Amanda Webb of Spiderworking.com recently put together the morning routines of business women and entrepreneurs. My contribution is below and there are lots of interesting perspectives from the other 16 contributors. For the full article, click here: http://www.spiderworking.com/blog/2017/03/08/morning-routine/
My alarm is set for either 6am or 7am on weekdays but I usually wake before the alarm. I love being woken by natural light so winter in Ireland is never my most productive time!
My morning routine has changed dramatically over the past decade . I have gone from being an habitual night owl to the proverbial lark but I cannot tell whether that is due to the changing demands of my business, the changing needs of my family or perhaps it is simply an age thing. When I started my first business I was in my mid-twenties, with a young child, I was regularly working 15-18 hours a day. It was not unusual for me to start into a new project at 11pm, work until 3/4am and start again in the morning. Start-ups are like children (and puppies), they require boundless energy, patience and the resilience to keep going through challenging phases without losing enthusiasm. But like children and puppies, businesses must mature. ‘Start-up’ is only ever a temporary stage, at the end of which a business either lives or dies. Staying on the start-up treadmill indefinitely is the ultimate entrepreneurial delusion (guess how I learned this?).
Ten years on, I definitely sleep more and I sleep better. When I wake up, I know the key tasks and appointments that I have to deliver that day. I have stopped checking email and social media when I wake up. Instead, I check three or four times a day, maximum (except on Tuesdays, when I abandon all technology). I have a fifteen-minute morning mediation routine where I visualise my day and that genuinely kick-starts my motivation. I have recently started doing yoga in the mornings but follow that with the strongest coffee I can find, which I suspect defeats the purpose of the yoga…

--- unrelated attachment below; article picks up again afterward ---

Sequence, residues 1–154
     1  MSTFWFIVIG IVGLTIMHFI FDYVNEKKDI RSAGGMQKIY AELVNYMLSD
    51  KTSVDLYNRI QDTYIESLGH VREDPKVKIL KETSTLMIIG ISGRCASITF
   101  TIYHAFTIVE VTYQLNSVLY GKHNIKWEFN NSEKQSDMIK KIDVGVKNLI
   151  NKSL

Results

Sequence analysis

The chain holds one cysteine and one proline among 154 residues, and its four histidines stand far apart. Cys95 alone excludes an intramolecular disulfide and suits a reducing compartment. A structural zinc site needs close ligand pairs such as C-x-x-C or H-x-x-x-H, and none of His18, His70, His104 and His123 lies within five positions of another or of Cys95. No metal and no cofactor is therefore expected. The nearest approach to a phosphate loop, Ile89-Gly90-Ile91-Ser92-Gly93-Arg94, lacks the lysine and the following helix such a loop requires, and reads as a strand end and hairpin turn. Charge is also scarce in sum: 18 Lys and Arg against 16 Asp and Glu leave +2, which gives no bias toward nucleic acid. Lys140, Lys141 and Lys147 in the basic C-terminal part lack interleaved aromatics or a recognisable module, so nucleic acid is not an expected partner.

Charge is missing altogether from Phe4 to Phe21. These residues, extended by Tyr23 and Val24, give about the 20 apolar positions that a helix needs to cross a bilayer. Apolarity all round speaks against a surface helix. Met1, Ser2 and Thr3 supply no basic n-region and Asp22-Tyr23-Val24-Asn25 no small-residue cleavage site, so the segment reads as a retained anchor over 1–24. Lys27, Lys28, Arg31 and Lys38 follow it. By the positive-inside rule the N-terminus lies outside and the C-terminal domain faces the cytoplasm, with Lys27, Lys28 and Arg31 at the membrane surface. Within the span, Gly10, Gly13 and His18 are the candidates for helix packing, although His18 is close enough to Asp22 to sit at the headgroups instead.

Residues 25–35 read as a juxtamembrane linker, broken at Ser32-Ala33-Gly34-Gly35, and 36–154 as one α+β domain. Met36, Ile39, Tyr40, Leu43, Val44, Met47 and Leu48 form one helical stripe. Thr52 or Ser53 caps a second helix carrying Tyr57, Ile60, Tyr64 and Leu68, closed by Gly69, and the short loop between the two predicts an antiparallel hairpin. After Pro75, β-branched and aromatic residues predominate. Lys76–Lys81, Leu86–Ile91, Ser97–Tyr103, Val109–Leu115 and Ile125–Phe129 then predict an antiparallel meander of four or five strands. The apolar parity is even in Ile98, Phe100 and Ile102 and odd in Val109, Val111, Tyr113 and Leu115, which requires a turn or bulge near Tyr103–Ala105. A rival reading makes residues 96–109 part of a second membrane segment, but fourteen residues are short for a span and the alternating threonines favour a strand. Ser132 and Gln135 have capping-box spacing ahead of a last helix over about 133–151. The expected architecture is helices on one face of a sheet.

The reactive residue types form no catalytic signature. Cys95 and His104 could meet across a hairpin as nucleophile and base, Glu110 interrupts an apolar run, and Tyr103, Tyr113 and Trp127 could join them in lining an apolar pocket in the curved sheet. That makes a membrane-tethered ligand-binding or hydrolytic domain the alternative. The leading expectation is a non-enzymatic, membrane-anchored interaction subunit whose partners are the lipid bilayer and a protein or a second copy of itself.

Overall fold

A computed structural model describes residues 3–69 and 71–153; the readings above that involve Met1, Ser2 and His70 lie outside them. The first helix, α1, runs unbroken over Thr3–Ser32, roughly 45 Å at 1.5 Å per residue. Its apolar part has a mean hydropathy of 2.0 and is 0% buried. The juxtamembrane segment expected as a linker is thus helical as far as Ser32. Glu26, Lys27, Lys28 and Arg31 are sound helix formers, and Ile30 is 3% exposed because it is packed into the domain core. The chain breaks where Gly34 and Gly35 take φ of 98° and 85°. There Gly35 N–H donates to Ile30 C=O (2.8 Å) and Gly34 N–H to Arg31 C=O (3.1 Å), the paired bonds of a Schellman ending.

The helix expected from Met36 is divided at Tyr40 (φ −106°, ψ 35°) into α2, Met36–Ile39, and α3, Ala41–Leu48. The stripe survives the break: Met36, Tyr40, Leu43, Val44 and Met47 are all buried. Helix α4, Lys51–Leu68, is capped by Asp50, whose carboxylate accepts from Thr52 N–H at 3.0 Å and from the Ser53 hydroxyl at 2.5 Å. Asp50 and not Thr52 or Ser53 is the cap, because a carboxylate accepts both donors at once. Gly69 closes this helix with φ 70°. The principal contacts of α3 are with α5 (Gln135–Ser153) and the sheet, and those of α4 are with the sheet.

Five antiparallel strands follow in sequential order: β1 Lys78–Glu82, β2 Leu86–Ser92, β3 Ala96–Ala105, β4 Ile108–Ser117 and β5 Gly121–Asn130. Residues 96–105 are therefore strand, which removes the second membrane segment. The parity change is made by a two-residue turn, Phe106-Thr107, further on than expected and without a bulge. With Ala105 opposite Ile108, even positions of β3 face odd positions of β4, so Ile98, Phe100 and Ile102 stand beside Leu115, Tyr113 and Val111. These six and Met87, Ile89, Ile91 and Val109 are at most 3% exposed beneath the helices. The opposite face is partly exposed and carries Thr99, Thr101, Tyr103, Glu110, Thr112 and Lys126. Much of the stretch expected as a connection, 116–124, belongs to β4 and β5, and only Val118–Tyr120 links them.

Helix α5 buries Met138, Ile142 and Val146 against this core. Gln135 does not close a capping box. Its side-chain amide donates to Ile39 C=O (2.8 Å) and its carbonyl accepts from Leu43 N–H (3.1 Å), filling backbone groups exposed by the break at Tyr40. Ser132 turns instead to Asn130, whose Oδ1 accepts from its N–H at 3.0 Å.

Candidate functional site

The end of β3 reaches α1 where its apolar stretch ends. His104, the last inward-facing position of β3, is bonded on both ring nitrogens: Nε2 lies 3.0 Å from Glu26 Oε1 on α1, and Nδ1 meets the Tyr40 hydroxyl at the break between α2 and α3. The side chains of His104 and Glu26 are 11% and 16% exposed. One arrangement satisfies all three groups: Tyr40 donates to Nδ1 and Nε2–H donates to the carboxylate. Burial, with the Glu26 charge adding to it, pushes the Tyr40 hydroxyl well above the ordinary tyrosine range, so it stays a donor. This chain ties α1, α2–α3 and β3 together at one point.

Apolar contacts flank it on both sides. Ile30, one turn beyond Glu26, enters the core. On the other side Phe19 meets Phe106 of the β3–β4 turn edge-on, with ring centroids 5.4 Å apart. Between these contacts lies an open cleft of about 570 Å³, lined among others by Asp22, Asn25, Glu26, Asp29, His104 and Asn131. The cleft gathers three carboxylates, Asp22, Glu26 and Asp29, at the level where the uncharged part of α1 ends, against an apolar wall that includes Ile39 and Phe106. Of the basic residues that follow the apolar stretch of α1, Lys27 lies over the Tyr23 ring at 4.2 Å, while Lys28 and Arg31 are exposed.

The most powerful predictor of whether or not I have a productive day comes down to discipline. I resist the temptation to be a busy fool and one of the ways that I have done this is by separating my role as leader of the business from my tasks as employee of that business.
At the weekends, I allow myself time and space to strategise and plan. At this stage, I am the leader. But once Monday morning arrives, I become a mere foot-soldier for my business.
My week is all about achieving prescribed tasks; daily actions all designed to move the business in the right direction. I take away my discretion to avoid unfavourable tasks and this effectively eliminates procrastination. Entrepreneurs are great at feeling busy and can make excuses for not ‘sticking to the plan’ (because it’s written in pencil, right?). But often, this comes down to a lack of self-discipline that translates into inconsistencies in work. In every failure I have experienced (and there have been many), inconsistency has played a big part. In reality, my morning and daily routines, as set out by my ‘boss’ – or weekend me – are vital to achieving the goals of the business.
Carol Tallon is the author of the Irish Property Buyers’ Handbook series from 2011 to 2015 and several business titles to date. With a post-graduate background in Law, Business and Strategic Innovation, most recently from University College Dublin, she has contributed to Irish and international media on current affairs, industry, property, innovation & technology (PropTech).
She has been involved in the construction and property industries for more than a decade and works as a strategic/communications consultant – at operational and project levels – to State agencies, industry representative bodies, private developers, construction companies, auctioneering firms and media outlets.
Carol can usually be found by the Blessington Lakes with her unruly dogs or running late through international airports after her wanderlust daughter, Katie.